Jump to content
Home
Forum
Join Us
Articles
About Us
Tapestry

Non Stereotypes


 Share

Recommended Posts

my children are very much into their stereotypes

 

girls can only like pink and boys blue

boys cant be nurses etc etc

 

while we do challenge this i would like to display some photos or images in the room to provide points for discussion

 

have tried google images but not much good

 

any ideas where good get some good images for this?

Link to comment
Share on other sites

girls can only like pink and boys blue

I know where you are coming from northernbird, our free cartons of milk come in blue 'MC Udder' and pink 'daist dangler'. We have one boy who will only drink the blue milk and would rather go thirst/drink water as he is dead against 'pink girls milk'!!!!

Link to comment
Share on other sites

Why not take your camera out and see if you can take photo's of people at work.

 

Re: Snack time - When we have snack we have a mixture of coloured plates, but we always make the children take the one on the top. Some of the boys aren't happy that they have to have the pink one, but they get over it! Some how the girls don't seem to bother about the blue ones.

Link to comment
Share on other sites

Hi northernbird,

 

I have used google images very successfully for this sort of thing but you may have to try a few different key words to get the desired results. Make sure you have it set on 'large images' and keep the search criteria simple - for instance 'female firefighter'. :o

Link to comment
Share on other sites

my children are very much into their stereotypes

At our setting it's not the children so much as some parents. We have a 4 year old boy who loves football etc. but also loves dressing up in our princess dresses. Mum was on duty recently and was horrified to see him putting it on and even more horrified when she found out he wears it most days! Her most positive comment was 'at least his dad hasn't seen it'. Sometimes I wonder who needs educating.

 

Sally

Link to comment
Share on other sites

Did you see Child of our Time recently - they did a program on gender differences which was fascinating. One of the tests they carried out was to give the children the choice of 2 lemonades - one packaged in blue called Rocket Pop and the other packaged in pink called Princess Pop. All of the children chose the lemonade aimed at their gender and all but one child said that that one tasted much better than the other despite the fact they were identical. :o

Link to comment
Share on other sites

I'm not really sure we should be stopping them from choosing the colour of plates, cups, milk cartons etc. Self identity is important, as is experimenting with dressing up in different things. Girls clothes tend to be softer, more flowing, textured, brighter, shiny. Girls natrually get to wear a whole range of clothes. It always seems to be the parents of boys who have a hang up isnt it?

 

Could you have visitors into the setting? Female firefighters, male nurse etc. What jobs do their parents do? Have you got any female mechanics amongst them, or male childminders?

 

Try B&Q recruitment leaflets, they always used to have a great non-discriminatory, equality ethos. Prospectus from colleges also tend to show gilrs in the plastering classes or as mechanics.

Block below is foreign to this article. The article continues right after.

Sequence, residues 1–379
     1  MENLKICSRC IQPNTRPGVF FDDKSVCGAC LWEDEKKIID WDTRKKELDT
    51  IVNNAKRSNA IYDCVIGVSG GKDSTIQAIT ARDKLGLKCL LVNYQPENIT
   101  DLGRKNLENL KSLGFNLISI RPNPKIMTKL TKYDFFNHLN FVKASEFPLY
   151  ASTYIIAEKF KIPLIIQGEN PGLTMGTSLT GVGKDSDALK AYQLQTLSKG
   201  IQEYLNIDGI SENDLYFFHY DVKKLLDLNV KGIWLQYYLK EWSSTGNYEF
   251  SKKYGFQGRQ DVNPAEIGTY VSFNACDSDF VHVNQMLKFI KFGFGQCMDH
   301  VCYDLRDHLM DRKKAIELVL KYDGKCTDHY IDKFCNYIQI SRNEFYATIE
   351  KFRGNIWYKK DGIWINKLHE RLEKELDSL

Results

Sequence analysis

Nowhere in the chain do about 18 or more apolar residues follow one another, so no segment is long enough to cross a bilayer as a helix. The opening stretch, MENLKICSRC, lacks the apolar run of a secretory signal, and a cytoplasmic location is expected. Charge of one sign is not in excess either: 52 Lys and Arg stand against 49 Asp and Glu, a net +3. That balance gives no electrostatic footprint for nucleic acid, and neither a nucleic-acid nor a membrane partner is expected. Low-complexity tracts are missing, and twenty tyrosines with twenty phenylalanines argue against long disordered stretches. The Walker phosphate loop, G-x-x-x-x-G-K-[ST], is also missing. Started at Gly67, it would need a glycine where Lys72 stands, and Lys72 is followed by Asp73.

Link to comment
Share on other sites

I agree that on the whole the parents of boys are the ones with the hang ups, but I currently have a girl who is really a little tomboy. Not surprising really as she has a brother and close male cousins. Mum stresses about it massively. For example when we had our annual photo she had clearly tried to make the little girl wear a dress, but she had chosen a football top because it was her favourite. Mum's face was a picture but the little girl is quite strong minded so I don't think she really cares. I get most upset though about parents who comment on other people's children and their choices. I find it most difficult to argue against them as I can't bring them round to seeing the child has learnt/enjoyed anything as well as I can when it is the parent themself.

Link to comment
Share on other sites

It should be about being encouraged and accepted as an individual. I have 4 boys - one is very artisitc, one loves playing sport, one is very practically minded - loves taking things apart and rebuilding them and the other is usually in bed (19 and just finished college). My kids have all been brought up in the same environment but they are so totally different from each other. I was a real tomboy when I was young and I suppose I still am. I can plaster a wall, rewire electrics and do basic servicing on my car. These things I enjoy and find interesting. Ask me to bake/ice a cake or have nail extensions, forget it. I know what I'm good at and my kids will tell you cooking is not one of them!!! Never tried the nails but I have been told that it can be quite painful.

 

Sally

Link to comment
Share on other sites

Im sure Marion or someone posted some images on here when we were having a similar discussion, there were images of men ironing etc to encourage interaction in the homecorner etc. Cant remember where they are, can anyone else??

 

 

paula

Link to comment
Share on other sites

 Share

×
×
  • Create New...

Important Information

We have placed cookies on your device to help make this website better. You can adjust your cookie settings, otherwise we'll assume you're okay to continue. (Privacy Policy)